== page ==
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Biblioteca aga via Wikimedia Commons // CC BY-SA 3.0
Biblioteca aga via Wikimedia Commons // CC BY-SA 3.0

Dolphin Moms May Start Teaching Their Calves Before They're Born

Biblioteca aga via Wikimedia Commons // CC BY-SA 3.0
Biblioteca aga via Wikimedia Commons // CC BY-SA 3.0

Just as a pregnant woman may coo lovingly to her own belly, dolphin moms-to-be may talk to their calves before the little ones are even born. Speaking at the annual convention of the American Psychological Association in Denver, researchers from the University of Southern Mississippi said dolphins may start teaching their young to recognize their voices as early as two weeks before birth.

Dolphins and humans have a lot in common. Like us, they’re smart, social animals that rely heavily on sound to communicate. Each dolphin has what’s called a signature whistle: a unique noise that acts kind of like its name or call sign. Dolphin calves generally don’t come up with their own signature whistle until they’re about two months old. This may be so they can be sure they don’t choose a whistle that sounds too much like anyone else’s.

Previous studies had shown that, shortly before giving birth, pregnant dolphins start repeating their own signature whistles over and over. Some researchers theorized that the moms-to-be were trying to inspire their babies-to-be to develop their own whistles, but nobody was really sure. And while scientists had monitored moms before birth, nobody had yet continued the study after the calf was born. 

So doctoral student Audra Ames and her colleagues headed out to the dolphin enclosure at Six Flags Discovery Kingdom in Vallejo, California. A female dolphin named Bella was well into her pregnancy, and so they set up recording equipment to monitor the noises that she and others made. They captured 80 hours of sound in the four months surrounding the calf’s birth: two months before, and two months after [PDF].

Two weeks before the calf—Mirabella, or Mira—was born, Bella ramped up the amount of time she spent repeating her own signature sound, and she kept it up until Mira was two weeks old. Interestingly, at the same time, other dolphins in the enclosure quieted down, minimizing the sounds of their own names. As soon as Bella eased up on her signature sound, they went back to whistling their sounds as usual.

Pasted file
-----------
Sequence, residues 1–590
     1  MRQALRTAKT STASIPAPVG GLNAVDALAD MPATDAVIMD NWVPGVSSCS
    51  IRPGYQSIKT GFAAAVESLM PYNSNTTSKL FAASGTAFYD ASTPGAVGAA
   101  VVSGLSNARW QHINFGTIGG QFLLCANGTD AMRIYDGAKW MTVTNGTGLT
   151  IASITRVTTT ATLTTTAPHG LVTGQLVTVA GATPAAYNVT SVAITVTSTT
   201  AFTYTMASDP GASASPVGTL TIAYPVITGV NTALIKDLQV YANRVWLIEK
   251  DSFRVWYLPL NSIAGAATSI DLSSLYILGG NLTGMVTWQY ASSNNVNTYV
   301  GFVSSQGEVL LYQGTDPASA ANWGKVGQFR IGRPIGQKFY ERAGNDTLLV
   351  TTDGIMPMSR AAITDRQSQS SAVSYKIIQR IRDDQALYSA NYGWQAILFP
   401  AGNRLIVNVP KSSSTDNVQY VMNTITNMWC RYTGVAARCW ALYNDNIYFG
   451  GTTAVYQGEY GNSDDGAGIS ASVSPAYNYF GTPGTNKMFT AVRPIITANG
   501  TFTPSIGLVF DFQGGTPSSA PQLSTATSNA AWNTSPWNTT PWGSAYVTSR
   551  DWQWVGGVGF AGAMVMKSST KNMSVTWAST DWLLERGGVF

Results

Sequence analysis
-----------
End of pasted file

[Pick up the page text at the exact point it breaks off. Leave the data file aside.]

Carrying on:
Ames believes Bella was teaching Mira to recognize her mother’s voice—a form of bonding and imprinting. "We actually do see that human babies develop a preference for their mother's voice in the last trimester," she told Live Science. "We don't know if that's something that's going on here, but it could be something similar." 

That would explain the non-mom dolphins’ decision to keep it down. "What the other dolphins might be doing here is remaining quiet so the calf does not imprint on the wrong signature whistle," Ames said. 

Ames and her colleagues are currently studying other sounds made by mother-calf pairs.

[h/t Live Science]

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Slow Motion Is the Only Way to Appreciate a Chameleon’s Lightning-Fast Tongue
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From the unusual way they walk, to their ability to change color, the evolutionary adaptations of chameleons are pretty bizarre, and some of them remain mysterious even to scientists. Their super-powered tongues, for instance, can dart out so quickly that the movement can barely be seen with the naked eye. But modern high-speed cameras have enabled researchers at the University of South Dakota to observe this appendage at work like never before. The video below, shared over at The Kid Should See This, includes some of that groundbreaking footage, and it's pretty amazing to watch.